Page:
Running Enniskerry Horse Farm, Enniskerry, Co. Wicklow on ninety-five acres is a family effort, with Syl, Mary, Miriam and David Bourke at the helm of the operation.
The family have always had a close affinity for sheep farming and in the last two decades, the horse enterprise has become the families' predominant focus.
“Gradually, me and my sister’s friends in pony club were looking for places to keep their horses. We thought that we were in the prime location here, because of our close proximity to Dublin.” David Bourke told Catherina of That’s Farming.
“It all started from here and once we got bitten by the bug, it stayed with us! ” David said.
A young horse breeder
David’s interest in horses blossomed from here and now, as an ambitious 28-year-old, he continues to climb the ranks, as one of Ireland’s youngest and most successful horse breeders. With his eyes securely fixed on breeding a “modern sports horse with plenty of blood” David’s breeding programme has been greatly influenced by the horses that have caught his eye from a competitor’s perspective, at events down through the years.
Enniskerry Horse Farm advocates a philosophy that places emphasis on quality, with two main lines; Enniskerry Tigerlilly and Enniskerry More Joyous now leading the way. In 2017, two foals hit the ground, progeny, that are sired by European stallions, renowned for their excellence.
“In recent years, I have tried to use top European stallions. This year I have used frozen semen on my mares and this is the direction that I would like to take going forward, depending on the success.” David explained.
"Before I started using these stallions, I used the best thoroughbreds that I could get in Ireland. Nadal and Foxy are 75% thoroughbred horses." David added.
David has years of education behind him, which he believes has contributed to the progressive paths that he has carved out. Mr Bourke is a graduate of the ISH Young Breeder Programme, a joint programme between Teagasc and Horse Sport Ireland.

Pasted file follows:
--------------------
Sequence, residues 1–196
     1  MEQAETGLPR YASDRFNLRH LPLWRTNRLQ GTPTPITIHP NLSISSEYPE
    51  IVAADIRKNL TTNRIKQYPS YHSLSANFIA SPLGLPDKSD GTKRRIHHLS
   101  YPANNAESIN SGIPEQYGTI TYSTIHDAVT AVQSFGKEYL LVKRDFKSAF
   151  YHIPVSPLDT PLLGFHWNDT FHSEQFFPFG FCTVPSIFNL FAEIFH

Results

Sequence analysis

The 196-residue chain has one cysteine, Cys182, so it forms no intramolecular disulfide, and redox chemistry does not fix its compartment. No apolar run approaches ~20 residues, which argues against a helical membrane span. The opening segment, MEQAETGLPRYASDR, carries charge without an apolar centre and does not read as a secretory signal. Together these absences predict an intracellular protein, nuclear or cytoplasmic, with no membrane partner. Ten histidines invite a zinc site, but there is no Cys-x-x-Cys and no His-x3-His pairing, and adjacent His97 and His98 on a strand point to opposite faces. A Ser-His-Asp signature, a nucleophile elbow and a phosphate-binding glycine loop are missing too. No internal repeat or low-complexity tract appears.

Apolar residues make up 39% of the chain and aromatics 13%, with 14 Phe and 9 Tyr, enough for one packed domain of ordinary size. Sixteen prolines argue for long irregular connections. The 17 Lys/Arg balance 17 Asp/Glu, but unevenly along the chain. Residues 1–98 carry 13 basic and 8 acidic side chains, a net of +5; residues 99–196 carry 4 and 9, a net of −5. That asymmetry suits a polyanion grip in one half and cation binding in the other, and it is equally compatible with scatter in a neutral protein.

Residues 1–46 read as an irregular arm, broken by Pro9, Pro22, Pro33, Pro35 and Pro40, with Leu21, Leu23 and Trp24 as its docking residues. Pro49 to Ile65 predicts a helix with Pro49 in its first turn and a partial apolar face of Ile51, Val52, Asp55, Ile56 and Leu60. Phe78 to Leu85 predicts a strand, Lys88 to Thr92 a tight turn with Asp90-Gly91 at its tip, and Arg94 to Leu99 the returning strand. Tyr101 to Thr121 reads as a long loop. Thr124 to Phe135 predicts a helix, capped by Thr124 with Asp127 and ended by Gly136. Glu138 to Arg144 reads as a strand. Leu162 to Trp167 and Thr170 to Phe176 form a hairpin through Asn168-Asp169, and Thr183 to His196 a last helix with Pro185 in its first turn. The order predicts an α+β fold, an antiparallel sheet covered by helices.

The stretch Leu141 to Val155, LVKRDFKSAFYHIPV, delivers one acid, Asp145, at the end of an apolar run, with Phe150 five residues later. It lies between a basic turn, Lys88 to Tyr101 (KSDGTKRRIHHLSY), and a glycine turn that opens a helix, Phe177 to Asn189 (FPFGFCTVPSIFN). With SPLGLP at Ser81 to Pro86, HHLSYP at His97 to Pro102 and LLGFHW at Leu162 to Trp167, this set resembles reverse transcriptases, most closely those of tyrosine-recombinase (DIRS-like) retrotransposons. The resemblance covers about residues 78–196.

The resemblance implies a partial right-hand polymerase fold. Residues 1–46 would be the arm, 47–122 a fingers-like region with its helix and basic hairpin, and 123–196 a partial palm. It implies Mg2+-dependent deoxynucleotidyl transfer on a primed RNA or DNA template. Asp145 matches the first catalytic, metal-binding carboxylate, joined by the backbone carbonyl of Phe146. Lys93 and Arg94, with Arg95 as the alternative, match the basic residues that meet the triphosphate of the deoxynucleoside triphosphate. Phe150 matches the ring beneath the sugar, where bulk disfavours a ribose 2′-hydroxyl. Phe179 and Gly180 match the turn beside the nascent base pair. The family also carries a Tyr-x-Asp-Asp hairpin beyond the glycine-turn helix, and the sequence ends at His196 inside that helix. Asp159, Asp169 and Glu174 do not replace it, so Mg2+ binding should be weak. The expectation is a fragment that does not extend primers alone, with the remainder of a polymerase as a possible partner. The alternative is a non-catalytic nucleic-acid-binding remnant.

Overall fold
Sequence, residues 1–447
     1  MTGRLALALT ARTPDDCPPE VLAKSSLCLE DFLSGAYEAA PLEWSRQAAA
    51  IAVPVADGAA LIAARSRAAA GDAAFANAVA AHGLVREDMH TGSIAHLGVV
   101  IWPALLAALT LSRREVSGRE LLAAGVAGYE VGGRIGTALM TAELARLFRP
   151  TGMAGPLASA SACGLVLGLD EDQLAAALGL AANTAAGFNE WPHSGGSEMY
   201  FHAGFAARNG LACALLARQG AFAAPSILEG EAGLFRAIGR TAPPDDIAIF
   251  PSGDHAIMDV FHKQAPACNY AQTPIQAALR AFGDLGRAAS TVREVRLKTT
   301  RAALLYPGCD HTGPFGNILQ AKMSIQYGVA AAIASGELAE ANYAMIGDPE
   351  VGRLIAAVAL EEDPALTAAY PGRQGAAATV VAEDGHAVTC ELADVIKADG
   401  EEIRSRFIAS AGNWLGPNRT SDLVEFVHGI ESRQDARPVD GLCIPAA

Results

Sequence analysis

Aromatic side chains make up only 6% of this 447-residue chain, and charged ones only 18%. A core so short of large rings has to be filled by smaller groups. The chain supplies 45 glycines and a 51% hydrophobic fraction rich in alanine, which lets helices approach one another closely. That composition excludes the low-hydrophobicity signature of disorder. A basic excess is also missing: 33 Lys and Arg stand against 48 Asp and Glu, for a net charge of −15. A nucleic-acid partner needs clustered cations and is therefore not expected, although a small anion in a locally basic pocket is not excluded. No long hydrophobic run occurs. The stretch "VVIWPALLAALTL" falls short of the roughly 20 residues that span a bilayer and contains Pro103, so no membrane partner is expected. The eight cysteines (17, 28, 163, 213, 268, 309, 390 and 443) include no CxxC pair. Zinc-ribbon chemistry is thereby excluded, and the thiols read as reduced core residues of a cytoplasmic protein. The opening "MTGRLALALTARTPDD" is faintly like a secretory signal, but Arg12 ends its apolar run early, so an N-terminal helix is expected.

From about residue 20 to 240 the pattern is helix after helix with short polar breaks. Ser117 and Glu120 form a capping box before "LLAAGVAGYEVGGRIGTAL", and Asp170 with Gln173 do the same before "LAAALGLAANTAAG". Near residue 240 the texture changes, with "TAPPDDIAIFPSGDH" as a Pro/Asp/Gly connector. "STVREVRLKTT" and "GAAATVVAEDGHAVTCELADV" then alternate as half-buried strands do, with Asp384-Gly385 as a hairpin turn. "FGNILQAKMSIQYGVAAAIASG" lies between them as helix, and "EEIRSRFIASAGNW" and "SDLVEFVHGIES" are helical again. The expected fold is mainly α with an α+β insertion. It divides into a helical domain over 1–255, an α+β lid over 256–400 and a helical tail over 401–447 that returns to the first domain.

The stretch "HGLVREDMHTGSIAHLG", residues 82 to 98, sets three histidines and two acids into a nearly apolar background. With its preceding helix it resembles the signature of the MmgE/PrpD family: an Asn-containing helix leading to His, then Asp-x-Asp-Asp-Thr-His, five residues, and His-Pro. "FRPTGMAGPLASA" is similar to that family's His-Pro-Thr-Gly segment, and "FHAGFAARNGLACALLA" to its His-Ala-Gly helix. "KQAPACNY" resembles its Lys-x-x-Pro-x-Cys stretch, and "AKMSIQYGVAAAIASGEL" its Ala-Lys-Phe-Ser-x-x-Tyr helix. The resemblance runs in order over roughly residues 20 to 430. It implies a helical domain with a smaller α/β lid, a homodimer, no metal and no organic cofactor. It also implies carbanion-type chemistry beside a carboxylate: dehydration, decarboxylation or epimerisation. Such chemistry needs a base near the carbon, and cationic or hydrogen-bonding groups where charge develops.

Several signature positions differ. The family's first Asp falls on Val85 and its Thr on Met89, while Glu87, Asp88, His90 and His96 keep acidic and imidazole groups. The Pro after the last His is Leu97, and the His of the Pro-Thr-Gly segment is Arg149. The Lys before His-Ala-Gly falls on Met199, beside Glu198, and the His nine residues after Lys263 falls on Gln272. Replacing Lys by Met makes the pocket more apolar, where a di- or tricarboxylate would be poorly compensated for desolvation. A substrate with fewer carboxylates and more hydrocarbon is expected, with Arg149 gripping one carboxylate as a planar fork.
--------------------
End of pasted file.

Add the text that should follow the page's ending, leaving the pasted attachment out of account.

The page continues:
“I was on one of the first ever trips that the programme organised to go to Germany. The programme itself is divided between practical and theory assessments. It incorporates many areas from judging mares on movement, conformation, jump and techniques.” David explained.
“Whoever gets their score closest to a panel of judges, who would be well-known equine specialists, rises to the top,” David explained.
David has one powerful portfolio, which is backed by outstanding achievements, that go above and beyond his years. In 2009, David represented Ireland at World Young Breeder Championships in Kildalton, where he received a fourth placing as an individual competitor, while the team secured bronze.
The same year his first foal Enniskerry Foxtrot was born and she now competes at International 2 star eventing, while currently her 2010 younger brother Enniskerry Nadal at CCI one-star.
“I am continuously trying to push our horses to further success. I hope to move both up the grades.” David explained.
David travelled the hop and jump of the Irish sea to take a trek ‘down under’ to experience the explore the wonders of the thoroughbred industry on large-scaled stud farm back in 2011.
“It was really interesting to see the business aspect of the stud. The thoroughbred breeders are very business-minded when it comes to breeding, because of the commercial nature of their operations.” David explained.
Bringing well over a decade of experience to the table, David has earned his fair share of accolades down through the years and he has several outstanding achievements under his belt, that many horse breeders only try to secure.
“From a breeding perspective, I would say that riding NADAL to ninth in the Camphire International event, earlier this year would definitely be my stand-out achievement.” David explained.
In terms of his best personal achievements, David draws attention to having his two home-breds- Foxy and Nadal at Millstreet International.
“Some of the world’s best event riders attend this event and it was fantastic to be warming-up next to Olympic gold medalists like Blyth Tait and Andrew Hoy. That was the special bit on my home-breds.” David explained.
David takes his place as one of the youngest leading ambassadors on the horse scene. While he continues to grow his leading operation, David relishes the idea of gradual expansion tapping into quality mare families that are proven breeders of quality progeny.
“I will be breeding horses when I am a ninety-five-years-old! I would love to see a few of my home-breds run at Aachen Grand Prix by the time that I am in my nineties. It is ambitious but you have to aim for the top.” David concluded.
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